One of the big challenges in genomics is to organize and classify the huge amount of sequence data. This motivates the development of computational methods that can infer biological information from sequence alone. A number of computer programs have been designed for computational gene annotation, and these have had varying degrees of success. Algorithms based on Hidden Markov Models (HMMs) locate translational and transcriptional features of the genome, such as coding regions, splice sites, and initiation and termination signals. These signals are then used to predict gene structures. The second class of gene finding programs build on sequence similarity and produce an alignment of a new sequence to a known protein, or align two syntenic sequences. The success of such homology based methods comes from the fact that coding regions are generally well conserved in species which diverged as far back as 450 million years. At evolutionary distances around 50- 100 million years, as in human and mouse, the conservation also extends to other functional regions important for gene expression, such as promoters, UTRs, and other regulatory domains. In this project we intend to construct an annotation tool that combines and generalizes the two approaches of HMM and sequence alignment mentioned above. The actual prediction of genes and other functionally related elements will be carried out by a generalized form of HMM called generalized pair HMM (GPHMM). The computational complexity of the problem is greatly reduced by the use of something we call an approximate alignment.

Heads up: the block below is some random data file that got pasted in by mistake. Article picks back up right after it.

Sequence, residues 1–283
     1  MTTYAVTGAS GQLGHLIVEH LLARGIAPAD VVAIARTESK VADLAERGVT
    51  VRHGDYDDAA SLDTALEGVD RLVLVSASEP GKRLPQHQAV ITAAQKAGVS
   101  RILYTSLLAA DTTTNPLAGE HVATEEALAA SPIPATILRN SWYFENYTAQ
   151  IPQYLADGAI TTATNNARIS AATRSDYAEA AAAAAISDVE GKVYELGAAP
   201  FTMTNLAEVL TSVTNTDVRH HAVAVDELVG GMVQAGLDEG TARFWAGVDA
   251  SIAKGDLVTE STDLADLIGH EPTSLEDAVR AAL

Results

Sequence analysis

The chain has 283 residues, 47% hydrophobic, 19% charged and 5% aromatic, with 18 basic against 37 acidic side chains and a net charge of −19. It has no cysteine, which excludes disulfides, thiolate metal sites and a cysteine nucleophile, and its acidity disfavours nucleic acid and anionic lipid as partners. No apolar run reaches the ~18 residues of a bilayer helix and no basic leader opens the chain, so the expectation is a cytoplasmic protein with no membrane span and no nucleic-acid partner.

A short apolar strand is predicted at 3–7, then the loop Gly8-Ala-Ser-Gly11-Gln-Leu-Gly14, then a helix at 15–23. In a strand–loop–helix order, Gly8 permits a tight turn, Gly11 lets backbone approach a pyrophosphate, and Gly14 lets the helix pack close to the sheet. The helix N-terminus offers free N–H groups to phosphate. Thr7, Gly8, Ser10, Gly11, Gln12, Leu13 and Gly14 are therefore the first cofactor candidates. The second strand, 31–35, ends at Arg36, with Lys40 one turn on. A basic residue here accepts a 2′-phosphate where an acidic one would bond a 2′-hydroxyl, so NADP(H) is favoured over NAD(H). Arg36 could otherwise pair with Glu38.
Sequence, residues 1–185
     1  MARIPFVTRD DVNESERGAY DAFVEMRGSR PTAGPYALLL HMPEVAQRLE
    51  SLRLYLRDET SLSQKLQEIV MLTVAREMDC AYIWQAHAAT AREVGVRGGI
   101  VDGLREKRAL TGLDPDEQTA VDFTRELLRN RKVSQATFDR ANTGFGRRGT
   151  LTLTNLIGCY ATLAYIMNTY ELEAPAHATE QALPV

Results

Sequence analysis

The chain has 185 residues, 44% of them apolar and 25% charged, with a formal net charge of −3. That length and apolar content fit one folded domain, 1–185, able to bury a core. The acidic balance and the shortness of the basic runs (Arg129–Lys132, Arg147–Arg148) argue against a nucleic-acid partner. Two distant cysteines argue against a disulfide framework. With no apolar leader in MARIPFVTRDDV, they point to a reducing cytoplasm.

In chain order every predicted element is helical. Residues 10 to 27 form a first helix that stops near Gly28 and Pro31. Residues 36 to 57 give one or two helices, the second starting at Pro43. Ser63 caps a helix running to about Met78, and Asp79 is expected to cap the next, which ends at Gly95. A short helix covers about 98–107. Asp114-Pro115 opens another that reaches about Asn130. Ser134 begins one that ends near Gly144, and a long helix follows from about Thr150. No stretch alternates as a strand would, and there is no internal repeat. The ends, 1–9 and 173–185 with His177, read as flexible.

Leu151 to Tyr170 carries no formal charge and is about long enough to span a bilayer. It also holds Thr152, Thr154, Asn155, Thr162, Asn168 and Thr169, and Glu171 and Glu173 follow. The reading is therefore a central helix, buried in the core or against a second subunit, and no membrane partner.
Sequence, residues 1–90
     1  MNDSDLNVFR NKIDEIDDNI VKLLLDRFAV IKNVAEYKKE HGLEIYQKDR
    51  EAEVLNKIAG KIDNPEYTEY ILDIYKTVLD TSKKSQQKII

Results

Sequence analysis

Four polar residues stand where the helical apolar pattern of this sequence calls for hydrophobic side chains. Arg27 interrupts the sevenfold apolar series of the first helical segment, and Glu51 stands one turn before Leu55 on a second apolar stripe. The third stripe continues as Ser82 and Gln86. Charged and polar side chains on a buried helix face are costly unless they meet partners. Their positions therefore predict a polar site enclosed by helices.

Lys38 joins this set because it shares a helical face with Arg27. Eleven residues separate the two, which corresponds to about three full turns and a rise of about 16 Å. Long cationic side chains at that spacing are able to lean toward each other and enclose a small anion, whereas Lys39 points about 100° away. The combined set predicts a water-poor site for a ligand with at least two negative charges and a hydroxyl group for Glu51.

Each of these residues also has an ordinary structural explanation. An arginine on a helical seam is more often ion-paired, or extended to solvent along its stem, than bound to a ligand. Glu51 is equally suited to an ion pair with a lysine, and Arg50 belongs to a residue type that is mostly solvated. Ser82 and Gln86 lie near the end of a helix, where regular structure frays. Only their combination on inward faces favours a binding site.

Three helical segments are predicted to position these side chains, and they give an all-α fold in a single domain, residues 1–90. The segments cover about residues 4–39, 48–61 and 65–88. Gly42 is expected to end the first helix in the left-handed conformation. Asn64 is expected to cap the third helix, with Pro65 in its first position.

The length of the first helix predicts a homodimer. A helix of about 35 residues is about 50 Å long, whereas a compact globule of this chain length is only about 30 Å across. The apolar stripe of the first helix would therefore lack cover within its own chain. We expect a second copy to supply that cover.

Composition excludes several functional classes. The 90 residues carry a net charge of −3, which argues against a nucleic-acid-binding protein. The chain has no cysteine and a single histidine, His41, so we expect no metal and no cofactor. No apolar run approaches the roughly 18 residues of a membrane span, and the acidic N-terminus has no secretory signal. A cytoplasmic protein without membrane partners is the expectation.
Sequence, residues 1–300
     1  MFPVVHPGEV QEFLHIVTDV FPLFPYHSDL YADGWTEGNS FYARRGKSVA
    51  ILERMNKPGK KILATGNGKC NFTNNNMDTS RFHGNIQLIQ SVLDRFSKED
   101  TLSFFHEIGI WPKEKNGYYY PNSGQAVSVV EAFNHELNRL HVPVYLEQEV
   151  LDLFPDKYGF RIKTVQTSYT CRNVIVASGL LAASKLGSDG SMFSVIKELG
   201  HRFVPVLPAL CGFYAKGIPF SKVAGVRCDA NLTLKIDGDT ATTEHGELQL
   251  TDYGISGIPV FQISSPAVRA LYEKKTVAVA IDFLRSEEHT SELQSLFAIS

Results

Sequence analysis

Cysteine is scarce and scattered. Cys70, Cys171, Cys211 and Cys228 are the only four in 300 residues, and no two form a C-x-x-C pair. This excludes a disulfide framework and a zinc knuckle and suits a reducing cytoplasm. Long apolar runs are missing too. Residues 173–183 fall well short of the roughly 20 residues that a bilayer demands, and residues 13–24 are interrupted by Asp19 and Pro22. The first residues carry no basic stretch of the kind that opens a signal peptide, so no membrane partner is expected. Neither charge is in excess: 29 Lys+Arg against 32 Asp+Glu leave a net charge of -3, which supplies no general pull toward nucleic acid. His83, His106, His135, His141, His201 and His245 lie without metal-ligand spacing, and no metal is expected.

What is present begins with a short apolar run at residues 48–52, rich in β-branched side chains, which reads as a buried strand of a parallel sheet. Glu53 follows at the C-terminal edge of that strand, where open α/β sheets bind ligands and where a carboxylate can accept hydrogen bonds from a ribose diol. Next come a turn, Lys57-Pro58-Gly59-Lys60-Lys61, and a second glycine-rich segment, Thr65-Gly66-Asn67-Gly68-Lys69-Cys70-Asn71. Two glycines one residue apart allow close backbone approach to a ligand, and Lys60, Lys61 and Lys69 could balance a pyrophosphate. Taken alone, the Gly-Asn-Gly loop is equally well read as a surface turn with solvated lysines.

National Institute of Health (NIH)
National Human Genome Research Institute (NHGRI)
Research Project (R01)
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Genome Study Section (GNM)
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Good, Peter J
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University of California Berkeley
Biostatistics & Other Math Sci
Schools of Arts and Sciences
United States
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